Youngest child may or may not have chicken pox. Symptoms: whinginess, bad temper, only eating one portion of food unlike his normal 3, a few spots on his left hand and arm that are sort of blistery, the odd spot elsewhere. For someone who is potentially ill, he seems to be full of beans. Quite frankly, I'd like it if he has chicken pox because then I can tick it off the list of childhood illnesses and I'd have a good reason for his vile temper. But he really doesn't seem very poxy.
This is annoying. We can't go play with other people in case he does have the pox (unless they're actively wanting to catch it themselves) but he really doesn't seem poorly enough just to sit around here all day. And they do seem quite intent on driving me mad this morning. This is largely because I am now reading yet another parenting book in a last ditch effort to manage the tantrums from son number 1. This book has so far told me what you're not supposed to do - which is everything apparently. You can't punish or give time outs. You can't reward or praise. I've yet to get to the bit where they tell you what you can do. (I do believe that I might get to the end and they'll just say: Sorry, but you're screwed.) But now I'm stuck in limbo, not really wanting to do anything to them but equally having to do something because they're systematically destroying the house and each other.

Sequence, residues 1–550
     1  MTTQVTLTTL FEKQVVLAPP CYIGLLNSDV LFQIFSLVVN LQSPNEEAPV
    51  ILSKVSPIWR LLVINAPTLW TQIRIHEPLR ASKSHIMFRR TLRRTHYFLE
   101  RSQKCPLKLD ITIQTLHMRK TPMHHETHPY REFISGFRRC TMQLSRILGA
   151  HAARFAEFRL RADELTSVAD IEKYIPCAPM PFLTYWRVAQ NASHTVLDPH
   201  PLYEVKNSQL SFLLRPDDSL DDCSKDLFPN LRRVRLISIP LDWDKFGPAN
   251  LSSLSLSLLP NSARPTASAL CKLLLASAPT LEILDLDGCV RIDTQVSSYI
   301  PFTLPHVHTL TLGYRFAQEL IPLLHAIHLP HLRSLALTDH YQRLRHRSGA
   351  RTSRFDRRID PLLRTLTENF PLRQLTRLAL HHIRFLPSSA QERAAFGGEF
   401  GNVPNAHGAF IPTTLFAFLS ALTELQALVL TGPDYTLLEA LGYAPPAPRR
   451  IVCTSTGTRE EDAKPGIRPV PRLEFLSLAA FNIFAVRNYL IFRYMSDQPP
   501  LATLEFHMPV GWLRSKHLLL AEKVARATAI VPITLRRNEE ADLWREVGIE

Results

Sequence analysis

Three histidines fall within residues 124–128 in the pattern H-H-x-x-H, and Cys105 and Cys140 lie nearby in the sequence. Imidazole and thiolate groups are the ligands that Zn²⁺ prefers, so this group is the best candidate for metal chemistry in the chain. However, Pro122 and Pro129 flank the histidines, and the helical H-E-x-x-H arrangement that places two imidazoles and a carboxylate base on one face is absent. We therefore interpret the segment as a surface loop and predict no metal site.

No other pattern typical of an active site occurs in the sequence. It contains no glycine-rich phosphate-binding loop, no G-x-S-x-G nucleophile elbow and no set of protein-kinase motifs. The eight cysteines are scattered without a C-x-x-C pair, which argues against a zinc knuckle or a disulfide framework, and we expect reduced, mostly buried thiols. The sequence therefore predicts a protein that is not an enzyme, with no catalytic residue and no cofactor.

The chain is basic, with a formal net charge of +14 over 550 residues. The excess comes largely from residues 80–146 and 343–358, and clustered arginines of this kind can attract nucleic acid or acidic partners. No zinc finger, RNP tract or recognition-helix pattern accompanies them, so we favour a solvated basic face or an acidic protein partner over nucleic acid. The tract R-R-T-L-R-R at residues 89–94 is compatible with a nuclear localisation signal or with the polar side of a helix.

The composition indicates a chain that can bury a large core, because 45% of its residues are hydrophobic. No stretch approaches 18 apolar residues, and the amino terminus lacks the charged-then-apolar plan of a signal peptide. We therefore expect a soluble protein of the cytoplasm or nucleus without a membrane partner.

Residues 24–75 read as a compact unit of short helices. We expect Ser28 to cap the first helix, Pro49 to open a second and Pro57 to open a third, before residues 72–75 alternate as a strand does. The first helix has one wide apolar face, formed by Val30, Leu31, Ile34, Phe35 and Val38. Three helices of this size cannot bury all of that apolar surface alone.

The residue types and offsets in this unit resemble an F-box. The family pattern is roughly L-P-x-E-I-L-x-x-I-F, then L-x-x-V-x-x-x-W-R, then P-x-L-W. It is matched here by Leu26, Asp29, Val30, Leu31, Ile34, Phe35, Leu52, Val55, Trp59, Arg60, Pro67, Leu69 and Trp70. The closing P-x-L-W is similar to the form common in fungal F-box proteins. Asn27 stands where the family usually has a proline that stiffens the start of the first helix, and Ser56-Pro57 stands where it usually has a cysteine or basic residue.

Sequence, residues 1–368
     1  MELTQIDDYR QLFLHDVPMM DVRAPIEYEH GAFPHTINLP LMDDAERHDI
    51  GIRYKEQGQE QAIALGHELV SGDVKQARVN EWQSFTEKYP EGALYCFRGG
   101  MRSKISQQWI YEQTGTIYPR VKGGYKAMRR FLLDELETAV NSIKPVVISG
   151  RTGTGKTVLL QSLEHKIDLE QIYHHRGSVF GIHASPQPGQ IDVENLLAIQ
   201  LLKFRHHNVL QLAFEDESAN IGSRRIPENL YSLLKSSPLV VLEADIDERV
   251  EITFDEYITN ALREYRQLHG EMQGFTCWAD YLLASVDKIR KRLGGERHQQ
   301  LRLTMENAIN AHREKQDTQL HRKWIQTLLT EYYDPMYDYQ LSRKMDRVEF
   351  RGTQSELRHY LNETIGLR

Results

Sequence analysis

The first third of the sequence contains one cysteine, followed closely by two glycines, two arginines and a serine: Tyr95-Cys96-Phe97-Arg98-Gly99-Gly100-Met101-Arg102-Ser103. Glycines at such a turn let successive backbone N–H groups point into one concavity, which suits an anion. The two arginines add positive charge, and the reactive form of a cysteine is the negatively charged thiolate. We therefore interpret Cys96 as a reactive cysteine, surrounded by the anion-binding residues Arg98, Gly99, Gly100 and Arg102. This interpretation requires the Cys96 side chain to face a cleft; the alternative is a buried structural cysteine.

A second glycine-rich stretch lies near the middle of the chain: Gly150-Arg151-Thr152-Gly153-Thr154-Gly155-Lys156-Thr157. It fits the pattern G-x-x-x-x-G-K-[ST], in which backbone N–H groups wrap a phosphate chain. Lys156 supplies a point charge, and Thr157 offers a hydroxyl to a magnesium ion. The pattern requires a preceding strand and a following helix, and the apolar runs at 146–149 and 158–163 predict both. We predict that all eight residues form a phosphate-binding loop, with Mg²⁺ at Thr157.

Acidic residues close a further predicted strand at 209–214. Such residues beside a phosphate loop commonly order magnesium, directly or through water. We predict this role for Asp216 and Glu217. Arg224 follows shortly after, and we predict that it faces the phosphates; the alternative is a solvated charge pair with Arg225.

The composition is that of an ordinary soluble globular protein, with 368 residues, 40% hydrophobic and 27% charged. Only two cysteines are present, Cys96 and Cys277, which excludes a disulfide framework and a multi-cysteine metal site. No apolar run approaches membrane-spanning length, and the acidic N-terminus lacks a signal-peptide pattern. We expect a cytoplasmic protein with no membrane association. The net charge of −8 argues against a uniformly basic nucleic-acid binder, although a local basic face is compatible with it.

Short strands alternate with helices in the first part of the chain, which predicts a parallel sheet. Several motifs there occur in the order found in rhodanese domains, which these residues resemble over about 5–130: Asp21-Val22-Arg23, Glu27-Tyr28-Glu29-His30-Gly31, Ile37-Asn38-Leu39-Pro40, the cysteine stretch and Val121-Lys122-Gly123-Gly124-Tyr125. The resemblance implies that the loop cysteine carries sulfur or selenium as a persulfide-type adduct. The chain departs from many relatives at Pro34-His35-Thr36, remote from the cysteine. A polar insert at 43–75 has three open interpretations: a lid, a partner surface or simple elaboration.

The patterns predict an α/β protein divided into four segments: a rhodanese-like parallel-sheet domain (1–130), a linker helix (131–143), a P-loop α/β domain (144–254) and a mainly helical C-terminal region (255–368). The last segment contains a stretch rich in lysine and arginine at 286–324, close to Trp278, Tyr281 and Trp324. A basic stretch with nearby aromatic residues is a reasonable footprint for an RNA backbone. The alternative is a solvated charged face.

In accordance with the book, I'm trying to give them unconditional love, loving them for who they are and not what they do. This is a lot easier said than done. Especially when they smear syrup all over the furniture and decide that shredding a newspaper is a barrell of laughs. And it probably is. Except that they're not the ones having to pick up minute pieces of paper that keep appearing. But I am digging deep into my patience reserves and trying to ignore it. After all, it's just mess right?
My patience is also being tested by a deadly combination of moutains of clothes (about 1% of which are actually mine) which need washing and drying, but the tumble dryer seems to have decided to go on strike and refuses to dry anything, despite using up just about a year's worth of electricity and massively screwing up our carbon footprint, the washing line is still a dismal, wonky version of it's former self and even if I can manage to string a few things up without them touching the ground, the weather keeps changing its mind about whether it's sunny or rainy.
And once again we seem to have run out of food (except for pasta salad which quite frankly I cannot face and will be putting in the bin) which means a grocery shop. That might be a good outing with a poxy child as long as he doesn't actually touch another person. Then again, an online shop is infinitely more peaceful.
So that's my day. Looming large. It's been going since 5.30am and I'm ready to go to bed right now. But I shall soldier on. One very good line from the book I'm reading said something about how the breathing techniques you learn for labour really only come into their own many years later. I whole heartedly agree. And breathe in for four, and out for eight...